The Federal Reserve said today that the U.S. economy maintained a moderate pace of growth as factory output rose and the real-estate market improved.
“Overall economic activity expanded at a moderate pace” from early April to late May, the Fed said in its Beige Book business survey, which is based on reports from its 12 district banks. “Hiring was steady or increased slightly.”
The report, which gives central bankers anecdotal evidence on the health of the economy two weeks before they meet in Washington, contrasts with recent data showing payrolls grew at the slowest pace in a year in May and manufacturing cooled. Atlanta Fed President Dennis Lockhart said today that an extension of the central bank’s Operation Twist program to reduce borrowing costs is “on the table” following last week’s payrolls figures.
The Beige Book “is clearly at odds with the hard data we’ve been seeing,” said Millan Mulraine, senior U.S. strategist at TD Securities in New York. “We’ve seen a dramatic slowdown in economic growth momentum that you’d think would be reflected in a few, if not the majority, of districts.”
The leadership of the Fed will probably provide more clarity on their views before the June 19-20 meeting. Fed Vice Chairman Janet Yellen will speak tonight in Boston about the economic outlook, and Chairman Ben S. Bernanke will testify before Congress tomorrow.
Prepared to Act
John Williams, president of the San Francisco Fed, said today that policy makers should be prepared to step up stimulus in case growth slows and threatens to delay improvement in the labor market.
The Fed must “stand ready to do even more if needed to best achieve our statutory goals of maximum employment and price stability,” Williams said today in a speech in Bellevue, Washington. If growth worsened or the inflation outlook fell below the Fed’s goal of 2 percent, “additional monetary accommodation would be warranted.”
U.S. stocks rose, sending benchmark indexes toward their biggest gains this year, on speculation global policy makers will act to revive a slowing economy. The Standard & Poor’s 500 Index advanced 2.3 percent to 1,315.13 at the close of trading in New York. The yield on the 10-year Treasury note climbed for a third day, to 1.66 percent from 1.58 percent late yesterday.
Today’s Beige Book used language similar to the previous report in April, which said the economy “continued to expand at a modest to moderate pace” in all 12 Fed districts. That report also said that “hiring was steady or showed a modest increase across many districts.”
Survey of Economists
A Bloomberg News survey of economists shows the economy is likely to weather slumping stocks, a slowdown in hiring and the European debt crisis. The S&P 500 is down 7.3 percent since its 2012 peak on April 2.
Gross domestic product will increase by 2.2 percent in 2012 and by 2.4 percent in 2013, the median of 70 economists surveyed from June 1 to June 5 shows. The estimates are down 0.1 percentage point from those issued last month.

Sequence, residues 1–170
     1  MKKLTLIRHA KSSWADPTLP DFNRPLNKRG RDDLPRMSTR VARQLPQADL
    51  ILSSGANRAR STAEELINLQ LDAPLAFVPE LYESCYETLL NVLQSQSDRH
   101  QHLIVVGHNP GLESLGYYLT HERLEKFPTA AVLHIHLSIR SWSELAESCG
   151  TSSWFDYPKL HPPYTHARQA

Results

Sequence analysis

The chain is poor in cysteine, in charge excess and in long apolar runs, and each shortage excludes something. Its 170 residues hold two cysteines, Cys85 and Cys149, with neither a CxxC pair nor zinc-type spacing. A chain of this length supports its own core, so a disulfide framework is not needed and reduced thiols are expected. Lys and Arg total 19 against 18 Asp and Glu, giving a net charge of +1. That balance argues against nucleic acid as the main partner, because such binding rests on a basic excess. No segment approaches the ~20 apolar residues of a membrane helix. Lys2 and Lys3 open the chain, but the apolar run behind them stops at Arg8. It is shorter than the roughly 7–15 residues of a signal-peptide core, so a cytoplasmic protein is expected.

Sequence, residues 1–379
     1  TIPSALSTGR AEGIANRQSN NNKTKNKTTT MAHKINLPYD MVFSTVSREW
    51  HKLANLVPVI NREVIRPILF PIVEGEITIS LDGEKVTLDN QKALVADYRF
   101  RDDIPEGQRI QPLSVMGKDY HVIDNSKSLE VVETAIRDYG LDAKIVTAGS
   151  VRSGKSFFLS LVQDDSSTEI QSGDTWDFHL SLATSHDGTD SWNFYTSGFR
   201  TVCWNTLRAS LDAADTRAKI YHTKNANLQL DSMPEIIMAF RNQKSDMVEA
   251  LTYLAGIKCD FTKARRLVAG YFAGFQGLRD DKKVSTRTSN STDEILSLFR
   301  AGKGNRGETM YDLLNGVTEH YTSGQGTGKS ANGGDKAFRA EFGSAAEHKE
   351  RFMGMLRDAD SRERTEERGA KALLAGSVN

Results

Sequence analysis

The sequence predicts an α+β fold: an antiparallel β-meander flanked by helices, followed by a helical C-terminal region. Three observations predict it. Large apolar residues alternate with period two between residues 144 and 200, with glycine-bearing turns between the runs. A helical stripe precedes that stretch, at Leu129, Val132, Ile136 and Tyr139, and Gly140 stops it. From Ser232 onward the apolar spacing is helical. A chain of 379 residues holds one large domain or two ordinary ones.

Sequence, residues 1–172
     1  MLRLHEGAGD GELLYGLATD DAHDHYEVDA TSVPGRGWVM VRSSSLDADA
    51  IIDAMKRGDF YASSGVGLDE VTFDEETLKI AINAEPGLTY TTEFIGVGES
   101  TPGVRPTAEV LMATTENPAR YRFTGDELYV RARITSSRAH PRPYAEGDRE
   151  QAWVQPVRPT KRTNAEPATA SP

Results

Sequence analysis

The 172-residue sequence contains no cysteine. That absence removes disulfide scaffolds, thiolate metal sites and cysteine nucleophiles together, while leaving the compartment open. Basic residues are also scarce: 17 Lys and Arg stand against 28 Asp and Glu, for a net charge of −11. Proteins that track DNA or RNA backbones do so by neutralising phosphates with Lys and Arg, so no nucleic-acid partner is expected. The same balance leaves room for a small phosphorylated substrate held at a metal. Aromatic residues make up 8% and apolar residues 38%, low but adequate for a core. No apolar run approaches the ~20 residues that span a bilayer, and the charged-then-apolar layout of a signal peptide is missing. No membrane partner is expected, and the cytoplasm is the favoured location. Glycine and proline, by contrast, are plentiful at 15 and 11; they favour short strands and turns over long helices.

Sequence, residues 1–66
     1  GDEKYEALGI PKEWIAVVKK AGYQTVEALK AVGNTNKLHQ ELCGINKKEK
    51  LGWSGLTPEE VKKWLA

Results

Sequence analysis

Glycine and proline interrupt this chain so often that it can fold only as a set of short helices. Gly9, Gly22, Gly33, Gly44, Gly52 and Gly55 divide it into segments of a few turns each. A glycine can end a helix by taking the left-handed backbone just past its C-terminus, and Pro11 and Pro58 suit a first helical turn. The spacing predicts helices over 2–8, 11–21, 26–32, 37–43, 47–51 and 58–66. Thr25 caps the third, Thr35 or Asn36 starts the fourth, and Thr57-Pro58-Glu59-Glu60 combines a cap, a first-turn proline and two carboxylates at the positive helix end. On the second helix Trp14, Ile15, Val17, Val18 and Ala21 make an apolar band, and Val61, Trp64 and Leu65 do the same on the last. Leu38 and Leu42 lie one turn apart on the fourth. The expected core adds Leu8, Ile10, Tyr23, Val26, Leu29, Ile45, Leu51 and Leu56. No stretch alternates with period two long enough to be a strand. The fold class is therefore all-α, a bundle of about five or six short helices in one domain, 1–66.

While the Beige Book said hiring was “steady,” a Labor Department report last week showed that employers added 69,000 workers to payrolls in May, less than half the median estimate in a Bloomberg survey of economists and down from 275,000 in January.
“We’re getting a lot of conflicting information here, and that usually means reality is somewhere in the middle,” Diane Swonk, chief economist for Mesirow Financial Inc. in Chicago, said in an interview on Bloomberg Radio’s “The Hays Advantage” with Kathleen Hays.
Today’s Beige Book reflects information collected on or before May 25 and summarized by the Dallas Fed.
Manufacturing “continued to expand in most districts” and vehicle sales “remained strong,” the Beige Book said. Most districts reported gains in production or new orders, except for Philadelphia, Richmond and St. Louis.
Manufacturing in the U.S. grew at a slower pace in May as factories tempered production and pared inventories in response to weakness in the global economy, according to a report last week from the Institute for Supply Management.
The ISM’s factory index fell to 53.5 after reaching a 10-month high of 54.8 in April, the Tempe, Arizona-based group reported June 1. Readings greater than 50 signal growth.
Service industries sustained their pace of growth in May, showing the biggest part of the U.S. economy is withstanding the impact of the European crisis, the Institute said in a separate report yesterday. Their index of non-manufacturing businesses, which covers about 90 percent of the economy, unexpectedly rose to 53.7 last month from April’s 53.5.
“Retail spending was flat to modestly positive in nearly all districts,” the Fed said today, and “demand for nonfinancial services was generally stable to slightly stronger since the previous report.”
Consumer spending rose in April, according to a Commerce Department report last week. Purchases increased 0.3 percent as incomes rose 0.2 percent.
“We still see a consumer out there who is making some tough choices,” Timothy A. Johnson, senior vice president of finance at Columbus, Ohio-based retailed Big Lots Inc., said in an earnings call yesterday. “He is concerned about where the economy currently sits.”
The Fed said that “economic outlooks remain positive, but contacts were slightly more guarded in their optimism.” Manufacturers were concerned “that a slowdown in Europe and domestic political uncertainty may affect future business decisions.”
Several districts noted “consistent indications of recovery in the single-family housing market, although the recovery was characterized as fragile.”
The housing market, a laggard in the expansion, may be reviving after a six-year slump in which home prices, sales and construction collapsed.
Starts through the first four months of this year were 24 percent higher than the comparable 2011 period, and home values in 20 cities fell in the 12 months ended March at the slowest pace in more than a year.